Performance and Conclusion


Our U36 came with The World’s Most Common Processor, also known as the Core i5-2410M. Clocked at 2.3 GHz, this powerful but power-efficient processor seems to be widely considered the best compromise between performance and battery life, if vendor purchasing habits are any indication.

For comparison in this test, we’ll be throwing the U36 again the Lenovo ThinkPad X1, the Dell Inspiron 14z, and the MSI X370. All of these are ultraportables, and they cover a range of price from about $550 (the MSI X370) to $1200 (the X1). You’ll find the specifications in the tables below.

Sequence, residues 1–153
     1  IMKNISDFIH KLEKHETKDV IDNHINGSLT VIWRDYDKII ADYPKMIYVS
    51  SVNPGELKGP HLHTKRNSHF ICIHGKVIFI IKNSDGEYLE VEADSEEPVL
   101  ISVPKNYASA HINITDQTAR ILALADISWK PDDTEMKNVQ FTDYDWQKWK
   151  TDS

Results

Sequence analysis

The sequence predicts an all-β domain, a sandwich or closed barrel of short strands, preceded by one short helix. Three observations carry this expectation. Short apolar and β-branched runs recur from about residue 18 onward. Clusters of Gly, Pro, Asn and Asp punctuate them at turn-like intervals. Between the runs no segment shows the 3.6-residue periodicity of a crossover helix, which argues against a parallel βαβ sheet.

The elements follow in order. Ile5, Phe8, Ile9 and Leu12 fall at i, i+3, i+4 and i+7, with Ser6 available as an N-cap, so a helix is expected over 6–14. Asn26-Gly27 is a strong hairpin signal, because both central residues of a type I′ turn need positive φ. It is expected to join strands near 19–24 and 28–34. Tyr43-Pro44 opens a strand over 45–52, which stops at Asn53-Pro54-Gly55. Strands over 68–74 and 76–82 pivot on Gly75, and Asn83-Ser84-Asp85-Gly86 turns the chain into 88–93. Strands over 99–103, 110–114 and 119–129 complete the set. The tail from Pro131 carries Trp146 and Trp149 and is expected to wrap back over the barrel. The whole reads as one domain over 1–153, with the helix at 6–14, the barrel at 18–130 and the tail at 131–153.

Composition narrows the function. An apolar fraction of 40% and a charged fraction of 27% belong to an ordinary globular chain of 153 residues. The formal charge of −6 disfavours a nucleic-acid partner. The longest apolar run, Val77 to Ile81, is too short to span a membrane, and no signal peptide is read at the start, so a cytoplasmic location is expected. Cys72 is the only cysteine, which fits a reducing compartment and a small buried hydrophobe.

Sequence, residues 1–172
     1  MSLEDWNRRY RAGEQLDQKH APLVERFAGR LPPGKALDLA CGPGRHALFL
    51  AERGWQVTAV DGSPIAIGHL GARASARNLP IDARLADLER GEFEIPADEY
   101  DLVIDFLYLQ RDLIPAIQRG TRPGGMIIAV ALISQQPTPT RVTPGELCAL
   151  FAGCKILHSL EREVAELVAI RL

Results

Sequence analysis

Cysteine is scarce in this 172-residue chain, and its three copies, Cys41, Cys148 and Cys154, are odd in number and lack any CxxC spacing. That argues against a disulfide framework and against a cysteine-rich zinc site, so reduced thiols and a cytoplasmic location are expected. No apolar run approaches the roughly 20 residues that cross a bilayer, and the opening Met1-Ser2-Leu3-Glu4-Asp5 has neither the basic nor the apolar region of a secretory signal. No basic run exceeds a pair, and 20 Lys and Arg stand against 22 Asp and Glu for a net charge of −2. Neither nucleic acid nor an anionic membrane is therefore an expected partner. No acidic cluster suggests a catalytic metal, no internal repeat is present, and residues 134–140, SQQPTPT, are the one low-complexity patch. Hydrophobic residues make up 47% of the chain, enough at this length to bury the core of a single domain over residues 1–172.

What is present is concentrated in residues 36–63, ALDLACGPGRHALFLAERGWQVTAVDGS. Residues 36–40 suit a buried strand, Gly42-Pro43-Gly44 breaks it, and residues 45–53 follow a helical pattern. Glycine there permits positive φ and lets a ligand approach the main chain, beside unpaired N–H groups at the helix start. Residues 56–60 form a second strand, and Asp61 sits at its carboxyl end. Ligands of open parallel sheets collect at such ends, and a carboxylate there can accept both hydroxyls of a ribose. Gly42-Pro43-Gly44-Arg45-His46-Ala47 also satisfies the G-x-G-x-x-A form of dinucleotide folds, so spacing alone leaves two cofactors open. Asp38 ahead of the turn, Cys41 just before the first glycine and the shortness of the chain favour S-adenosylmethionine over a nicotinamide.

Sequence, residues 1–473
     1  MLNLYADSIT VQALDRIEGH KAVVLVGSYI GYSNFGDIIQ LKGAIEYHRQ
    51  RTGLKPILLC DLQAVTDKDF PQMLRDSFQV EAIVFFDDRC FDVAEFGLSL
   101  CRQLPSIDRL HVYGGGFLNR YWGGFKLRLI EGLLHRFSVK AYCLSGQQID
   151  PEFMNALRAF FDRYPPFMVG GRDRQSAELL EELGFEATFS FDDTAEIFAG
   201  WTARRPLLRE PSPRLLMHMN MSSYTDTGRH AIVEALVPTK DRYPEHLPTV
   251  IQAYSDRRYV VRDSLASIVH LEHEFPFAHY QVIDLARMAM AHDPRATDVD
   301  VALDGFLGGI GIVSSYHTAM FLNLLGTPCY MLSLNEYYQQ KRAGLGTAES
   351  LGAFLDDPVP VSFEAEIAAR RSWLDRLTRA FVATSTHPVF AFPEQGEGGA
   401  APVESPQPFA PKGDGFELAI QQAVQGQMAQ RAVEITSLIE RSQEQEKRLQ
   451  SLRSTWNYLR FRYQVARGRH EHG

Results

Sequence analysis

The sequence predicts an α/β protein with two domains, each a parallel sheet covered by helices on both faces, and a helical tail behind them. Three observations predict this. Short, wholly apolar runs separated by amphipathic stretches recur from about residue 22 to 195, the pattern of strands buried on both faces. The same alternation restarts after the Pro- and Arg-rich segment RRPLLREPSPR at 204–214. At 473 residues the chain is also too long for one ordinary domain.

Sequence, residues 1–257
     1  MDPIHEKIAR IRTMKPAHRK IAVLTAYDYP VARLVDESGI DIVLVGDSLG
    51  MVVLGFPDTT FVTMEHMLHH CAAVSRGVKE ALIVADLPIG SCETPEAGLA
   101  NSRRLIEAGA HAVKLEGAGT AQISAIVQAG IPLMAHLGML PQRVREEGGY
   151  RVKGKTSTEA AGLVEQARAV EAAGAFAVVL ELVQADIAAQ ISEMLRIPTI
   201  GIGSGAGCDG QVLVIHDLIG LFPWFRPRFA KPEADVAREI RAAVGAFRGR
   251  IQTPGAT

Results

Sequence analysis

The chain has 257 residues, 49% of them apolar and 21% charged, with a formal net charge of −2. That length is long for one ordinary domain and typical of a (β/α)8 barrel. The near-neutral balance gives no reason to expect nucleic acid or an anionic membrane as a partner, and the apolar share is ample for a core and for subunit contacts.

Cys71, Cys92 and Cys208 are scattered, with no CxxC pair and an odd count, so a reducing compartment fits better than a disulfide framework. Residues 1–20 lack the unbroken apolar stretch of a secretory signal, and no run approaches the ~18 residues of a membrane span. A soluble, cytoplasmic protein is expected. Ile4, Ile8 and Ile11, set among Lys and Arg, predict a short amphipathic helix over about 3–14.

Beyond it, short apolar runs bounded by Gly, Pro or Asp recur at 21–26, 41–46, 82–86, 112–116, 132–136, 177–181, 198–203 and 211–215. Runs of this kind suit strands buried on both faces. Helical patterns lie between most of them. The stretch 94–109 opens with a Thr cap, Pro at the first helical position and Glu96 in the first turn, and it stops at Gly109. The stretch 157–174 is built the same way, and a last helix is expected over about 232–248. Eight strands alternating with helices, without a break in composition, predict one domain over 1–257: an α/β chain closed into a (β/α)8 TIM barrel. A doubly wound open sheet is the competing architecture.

Now that the competition is sized up, it’s time for our first round of tests, the SiSoft Sandra processor benchmarks. There probably will not be any surprises here, but we should take a gander anyway.

Yes, the Core i5-2410M acts much like we’d expect, based on previously tested laptops. According to these benchmarks, the U36 and Inspirion 14z dance well together, which makes sense, as our review units featured the same processors. The Lenovo X1’s faster Core i5 gives it some extra spring in its step, while the X370’s AMD Fusion E-350 processor causes it to lag behind substantially. 

Now, let’s look at some more general performance benchmarks.

The U36S lands a huge victory, returning a score of 2995 vs. the 14z’s 2242. The reason is simple – system storage. This seems to have a heavy weight in the final score of the PCMark 7 benchmark, and the U36S handily blows away 14z in that area.